Norris’ change is thrown pretty hard, sitting at 86 mph, and gets good depth. This thing really dives, and in turn, gets a terrific whiff rate at almost 38%. He uses the change solely to attack righties and peppers them low and away, arm-side.
Norris has a big, slow 12-6 curve that sits at 76 mph. It gets great depth, but a below-average amount of whiffs for a curve is probably because hitters can see it coming as it pops out of Norris’ hand, so they’re ready for it. Even still, it’s tough to square up, allowing a .330 wOBA.
Norris predominantly uses a four-seamer (44% usage) that sits 90-91 mph, which is not great. It has average ride and run and gets fairly average whiff rates (13%). He could probably benefit from reducing the usage a bit, considering it gives up a .415 wOBA and average exit velocity over 92 mph. It’s not good when they hit it harder than you throw it.
The slider is Norris’ go-to breaking ball, using it 23% of the time and willing to throw it to both lefties and righties. It sits in the mid-80s with average break. Norris works the slider low in the zone and buries it to the arm-side when it’s at its best. It has a good whiff rate (30%) and allows a sparkling .253 wOBA. He could probably throw this a little more.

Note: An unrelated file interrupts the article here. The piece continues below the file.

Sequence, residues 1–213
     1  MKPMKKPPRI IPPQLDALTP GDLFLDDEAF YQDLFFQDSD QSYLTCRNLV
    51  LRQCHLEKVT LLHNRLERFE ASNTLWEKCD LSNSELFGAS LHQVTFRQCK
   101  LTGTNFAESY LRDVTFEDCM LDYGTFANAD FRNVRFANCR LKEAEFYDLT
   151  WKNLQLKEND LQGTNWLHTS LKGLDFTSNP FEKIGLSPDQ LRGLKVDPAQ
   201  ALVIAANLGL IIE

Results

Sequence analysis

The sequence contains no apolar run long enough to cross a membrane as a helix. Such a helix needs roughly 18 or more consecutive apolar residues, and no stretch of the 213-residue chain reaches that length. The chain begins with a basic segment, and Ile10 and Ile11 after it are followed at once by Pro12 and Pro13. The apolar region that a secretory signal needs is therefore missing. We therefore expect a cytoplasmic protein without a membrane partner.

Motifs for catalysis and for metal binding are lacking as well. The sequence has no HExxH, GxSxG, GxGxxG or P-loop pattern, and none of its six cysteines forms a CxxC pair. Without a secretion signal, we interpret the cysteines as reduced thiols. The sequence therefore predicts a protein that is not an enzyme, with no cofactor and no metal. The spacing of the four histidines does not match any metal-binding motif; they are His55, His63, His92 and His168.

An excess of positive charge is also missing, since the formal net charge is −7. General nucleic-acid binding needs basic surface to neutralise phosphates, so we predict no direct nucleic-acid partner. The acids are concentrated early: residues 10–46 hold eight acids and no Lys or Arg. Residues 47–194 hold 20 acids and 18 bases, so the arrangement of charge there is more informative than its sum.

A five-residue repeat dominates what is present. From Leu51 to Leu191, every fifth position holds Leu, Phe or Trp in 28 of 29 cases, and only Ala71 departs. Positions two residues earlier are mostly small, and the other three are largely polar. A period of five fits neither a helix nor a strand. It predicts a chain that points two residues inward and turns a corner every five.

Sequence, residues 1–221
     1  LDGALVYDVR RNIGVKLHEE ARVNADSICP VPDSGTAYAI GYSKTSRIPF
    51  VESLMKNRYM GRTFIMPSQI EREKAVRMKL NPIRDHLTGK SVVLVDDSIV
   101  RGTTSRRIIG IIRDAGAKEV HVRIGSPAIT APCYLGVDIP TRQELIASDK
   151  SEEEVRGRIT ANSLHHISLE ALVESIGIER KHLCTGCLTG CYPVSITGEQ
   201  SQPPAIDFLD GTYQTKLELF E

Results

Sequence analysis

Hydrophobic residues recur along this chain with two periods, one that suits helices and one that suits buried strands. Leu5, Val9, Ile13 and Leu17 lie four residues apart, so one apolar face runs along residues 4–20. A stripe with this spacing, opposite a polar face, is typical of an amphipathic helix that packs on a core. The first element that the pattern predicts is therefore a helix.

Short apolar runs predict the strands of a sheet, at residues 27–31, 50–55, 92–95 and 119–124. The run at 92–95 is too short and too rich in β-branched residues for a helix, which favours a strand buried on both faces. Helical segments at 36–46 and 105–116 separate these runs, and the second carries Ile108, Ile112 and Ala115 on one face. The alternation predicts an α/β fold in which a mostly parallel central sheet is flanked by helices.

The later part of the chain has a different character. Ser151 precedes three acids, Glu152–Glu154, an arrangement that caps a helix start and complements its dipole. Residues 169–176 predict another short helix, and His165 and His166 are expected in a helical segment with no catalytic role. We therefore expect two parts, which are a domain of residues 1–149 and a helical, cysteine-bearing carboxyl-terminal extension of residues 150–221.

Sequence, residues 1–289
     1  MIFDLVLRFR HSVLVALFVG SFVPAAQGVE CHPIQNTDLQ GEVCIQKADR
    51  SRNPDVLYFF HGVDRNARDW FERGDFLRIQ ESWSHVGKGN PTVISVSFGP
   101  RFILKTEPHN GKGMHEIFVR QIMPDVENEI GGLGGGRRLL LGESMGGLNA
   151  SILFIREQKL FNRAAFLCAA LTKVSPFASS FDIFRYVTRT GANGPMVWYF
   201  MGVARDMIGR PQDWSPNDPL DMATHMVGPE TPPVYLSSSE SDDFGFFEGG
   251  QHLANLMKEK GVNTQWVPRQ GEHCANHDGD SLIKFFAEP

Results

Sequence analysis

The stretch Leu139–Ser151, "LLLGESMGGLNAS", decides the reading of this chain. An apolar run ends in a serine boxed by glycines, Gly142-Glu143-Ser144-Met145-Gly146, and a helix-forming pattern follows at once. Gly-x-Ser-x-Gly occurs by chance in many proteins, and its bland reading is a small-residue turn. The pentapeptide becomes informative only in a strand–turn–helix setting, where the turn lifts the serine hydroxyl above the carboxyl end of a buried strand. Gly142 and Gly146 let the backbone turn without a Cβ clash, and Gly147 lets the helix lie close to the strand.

Norris was injured for most of 2018, so he would most likely appreciate us burning his tape from last season. You can see how his injury affected him through his velocity, as he normal fires his four-seamer at a max of 96 mph, and the highest it reached in 2018 was 92.9 mph. Get healthy, Daniel.
It is weird to say that an injury might have helped a player, but the lack of velocity also showed on Norris’ slider, and it had a positive effect. He gained more movement both vertically and horizontally, which led to the highest K rate of his career with his slider.
2017 was Norris’ most effective year with his curveball, and while it was a small sample size, his 2018 was similar. Hopefully, this trend can continue if he is healthy in 2019.
Norris’ arm action on his changeup and four-seamer are almost identical, which helps this pitch’s effectiveness. Hitters are expecting a 96 mph heater but instead get a 10 mph difference. It gets a fair amount of strikeouts (24.7% K rate over his career) and rarely gets taken deep (one home run allowed in his career).
Norris has been on and off with this pitch throughout his career. In 2015, he threw his two-seamer over 200 times and only allowed a .191 batting average when throwing it; in 2016, it got rocked for a .571 batting average; in 2017, he did not throw it once; and in 2018, he brought it back, but the sample size was so minuscule that it is tough to get a gauge on what the pitch’s true potential is.